Even the smallest of feet have the power to leave everlasting footprints upon this world
Our next event:
We are holding a Charity Football Match in aid of The Lily Mae Foundation on Sunday 15th February 2015.
Reference: Sarah Boseley, health editor - The Guardian, Thursday 14 April 2011
To read The Lancet Report - 'Bringing stillbirths out of the shadows' by Dr. Richard Horton and hereplease click
Around 4,000 babies die unexpectedly in the last months of pregnancy or during labour every year in the UK – one of the highest rates of stillbirth in Europe, according to a major new series of reports by the Lancet.
The medical journal also explodes the popular assumption that a stillborn baby had something wrong with it and "was never meant to be". In fact, only 5% of the 2.6 million babies stillborn worldwide in 2009 had a congenital abnormality.
Even in the UK, stillbirth is a risk for healthy women with normal pregnancies, yet it is little discussed. A third of stillbirths are unexplained here, although poor NHS maternity care is thought to play a part in half of these – more than 600 a year.
The World Health Organisation defines stillbirth as death after 28 weeks of pregnancy – by which time most babies would survive outside the womb. In 2009, the UK rate was 3.5 stillbirths per 1,000 births, which is among the most poorly performing rich nations. Only France, at 3.9 deaths per 1,000 and Austria, with 3.7, do worse.
Launching the series of reports, Lancet editor Dr Richard Horton and senior editor Dr Zoë Mullan pointed up the scale of misery caused by stillbirths around the world. "The grief of a stillbirth is unlike any other form of grief: the months of excitement and expectation, planning, eager questions, and the drama of labour – all magnifying the devastating incomprehension of giving birth to a baby bearing no signs of life."
The series discovered that stillbirth was far less rare than people imagined, they said. "Almost 3 million stillbirths happen worldwide every year, which, even for a country with a developed health system such as the UK, means that 11 sets of parents every day will take home their newborn baby in a coffin."
According to SANDS, the stillbirth and neonatal death charity, the UK's 1,000 unexplained stillbirths, following what appears to be a normal pregnancy and labour, far exceeds the 200 unexplained "cot deaths" every year, and yet there is little research to try to find out why babies die in the womb.
Neal Long, Sands's chief executive, said the deaths of 11 babies every day "is a national scandal which has persisted for far too long in this country. This seemingly endless death toll of thousands of babies every year has the most terrible long-term impact on parents and their families."
At the report's launch Steve Hale, whose son Matthew was stillborn at 38 weeks, described "being catapulted from the joyous anticipation of a baby's birth to the devastation of a stillbirth". Imagine, he said, "your partner ashen white with shock, rocking a dead baby in her arms".
Sands puts the poor UK performance down to lack of awareness, not just among pregnant women but also health professionals. Most stillbirths are potentially preventable – but insufficient work has been done to establish which are the women whose babies are at risk.
A third of stillbirths are to women who are either overweight, smoke or are older than average. These are well-known risk factors in pregnancy, and yet, says Sands, the possibility of stillbirth is not always raised.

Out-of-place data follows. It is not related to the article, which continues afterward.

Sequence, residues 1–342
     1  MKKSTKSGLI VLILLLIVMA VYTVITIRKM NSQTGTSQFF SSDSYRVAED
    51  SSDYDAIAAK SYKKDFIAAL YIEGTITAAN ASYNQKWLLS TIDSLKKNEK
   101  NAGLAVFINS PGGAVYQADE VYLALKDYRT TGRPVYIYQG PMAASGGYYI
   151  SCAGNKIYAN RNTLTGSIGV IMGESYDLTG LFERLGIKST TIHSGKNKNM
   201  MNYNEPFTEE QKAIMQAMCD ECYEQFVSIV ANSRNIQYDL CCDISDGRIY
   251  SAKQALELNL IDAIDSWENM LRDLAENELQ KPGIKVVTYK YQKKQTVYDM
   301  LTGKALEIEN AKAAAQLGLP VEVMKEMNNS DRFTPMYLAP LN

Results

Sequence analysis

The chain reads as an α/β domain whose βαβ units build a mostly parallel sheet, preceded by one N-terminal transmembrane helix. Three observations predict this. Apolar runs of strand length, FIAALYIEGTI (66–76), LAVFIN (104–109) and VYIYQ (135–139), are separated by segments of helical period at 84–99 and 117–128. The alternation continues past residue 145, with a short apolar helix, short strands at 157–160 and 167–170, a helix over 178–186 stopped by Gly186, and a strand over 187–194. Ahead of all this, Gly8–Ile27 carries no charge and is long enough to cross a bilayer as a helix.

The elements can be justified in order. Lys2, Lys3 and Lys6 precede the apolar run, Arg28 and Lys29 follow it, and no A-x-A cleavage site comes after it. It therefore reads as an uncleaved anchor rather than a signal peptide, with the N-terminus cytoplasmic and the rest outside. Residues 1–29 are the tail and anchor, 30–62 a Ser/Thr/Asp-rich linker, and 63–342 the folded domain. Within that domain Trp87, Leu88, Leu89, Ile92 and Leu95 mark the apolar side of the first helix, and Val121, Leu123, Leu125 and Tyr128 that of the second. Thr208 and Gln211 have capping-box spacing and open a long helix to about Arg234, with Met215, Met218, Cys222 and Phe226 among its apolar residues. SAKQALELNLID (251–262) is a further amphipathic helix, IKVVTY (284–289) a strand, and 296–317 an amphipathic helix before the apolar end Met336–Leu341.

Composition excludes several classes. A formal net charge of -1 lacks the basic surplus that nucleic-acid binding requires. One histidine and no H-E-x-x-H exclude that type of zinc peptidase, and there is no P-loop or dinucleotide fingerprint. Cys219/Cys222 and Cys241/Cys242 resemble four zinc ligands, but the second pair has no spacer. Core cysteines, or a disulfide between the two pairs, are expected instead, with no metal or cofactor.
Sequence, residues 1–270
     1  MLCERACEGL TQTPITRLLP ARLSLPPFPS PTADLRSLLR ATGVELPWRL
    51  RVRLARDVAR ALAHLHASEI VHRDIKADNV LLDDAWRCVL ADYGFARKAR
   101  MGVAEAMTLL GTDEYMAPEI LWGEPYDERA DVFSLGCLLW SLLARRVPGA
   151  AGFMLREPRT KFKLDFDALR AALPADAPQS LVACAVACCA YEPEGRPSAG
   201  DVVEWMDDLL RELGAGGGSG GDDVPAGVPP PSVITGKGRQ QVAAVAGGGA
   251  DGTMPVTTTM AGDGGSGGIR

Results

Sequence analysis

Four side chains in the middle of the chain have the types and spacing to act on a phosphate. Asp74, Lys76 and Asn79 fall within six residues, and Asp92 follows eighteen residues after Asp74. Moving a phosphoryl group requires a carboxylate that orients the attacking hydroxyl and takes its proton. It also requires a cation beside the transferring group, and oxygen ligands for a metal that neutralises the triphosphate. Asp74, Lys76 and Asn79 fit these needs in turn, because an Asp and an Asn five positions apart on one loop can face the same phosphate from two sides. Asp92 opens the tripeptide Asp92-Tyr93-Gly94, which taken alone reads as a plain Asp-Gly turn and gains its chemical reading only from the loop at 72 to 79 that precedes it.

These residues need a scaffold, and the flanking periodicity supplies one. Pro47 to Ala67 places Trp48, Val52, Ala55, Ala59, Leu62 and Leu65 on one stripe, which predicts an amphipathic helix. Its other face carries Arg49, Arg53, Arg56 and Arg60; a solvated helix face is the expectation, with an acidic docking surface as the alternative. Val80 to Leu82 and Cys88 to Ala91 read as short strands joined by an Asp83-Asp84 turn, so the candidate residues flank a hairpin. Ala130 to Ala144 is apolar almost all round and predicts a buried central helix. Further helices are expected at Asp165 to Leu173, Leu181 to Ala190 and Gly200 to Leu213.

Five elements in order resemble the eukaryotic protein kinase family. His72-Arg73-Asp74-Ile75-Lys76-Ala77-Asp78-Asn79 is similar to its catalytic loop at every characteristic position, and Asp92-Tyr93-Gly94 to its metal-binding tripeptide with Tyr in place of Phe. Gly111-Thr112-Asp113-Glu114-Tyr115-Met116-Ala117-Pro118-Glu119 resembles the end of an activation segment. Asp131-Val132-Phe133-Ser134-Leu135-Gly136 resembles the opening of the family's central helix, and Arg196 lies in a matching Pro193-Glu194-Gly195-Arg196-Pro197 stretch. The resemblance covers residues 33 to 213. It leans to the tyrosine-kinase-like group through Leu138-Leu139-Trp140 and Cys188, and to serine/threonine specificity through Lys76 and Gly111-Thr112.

The quality of maternity care – and particularly the failure to recognise that there is a problem – is also an issue. The Confidential Enquiry into Stillbirths and Deaths in Infancy reported in the late 1990s that sub-optimal maternity care played a part in half of all unexplained stillbirths. The report cited inadequate staffing on labour wards, a failure to act in high-risk situations and poor record-keeping and communication. Sands says the stillbirth rate has not changed since the report came out. "The problems cited a decade ago persist today," said a spokeswoman.
Every year, 500 babies die during labour in the UK. In a report in 2006, the then chief medical officer Sir Liam Donaldson called these "500 missed opportunities". An investigation in the West Midlands into 25 deaths of babies who died during labour found there was sub-standard care in all of them – and that 21 of the babies could have survived.
Stillbirths are a significant problem in sub-Saharan Africa and south Asia, where 76% of the global deaths take place, the Lancet papers say. Researchers have for the first time put together comprehensive estimates of the number of babies, whose deaths are not counted in some countries. They argue that reducing stillbirths needs to be part of the UN's overall Millennium Development Goals on cutting the death toll of women in childbirth and their liveborn babies.
Many of the causes are the same. Proper obstetric care would save 28% of stillborn babies around the world, say researchers, but simple interventions such as screening pregnant women for high blood pressure and screening for malaria would save thousands of lives. Adding in the number of deaths of women and young babies that would also be prevented makes the interventions highly cost-effective, they argue.
The Lily Mae Foundation believe that the amount of babies who are stillborn each day is an unacceptable level. We were shocked by the alarming figures in the report both in the UK and worldwide. We believe that stillbirth and neonatal death is still a very taboo subject that people do not like to talk about. However, by making parents aware of the signs and risks that can cause stillbirth, improvements and an increase in the level of research as well as improving maternity care and making sure women receive proper obstetric care, reductions in the number of stillbirths each year can be significantly decreased.
To read the Guardian article in full please click here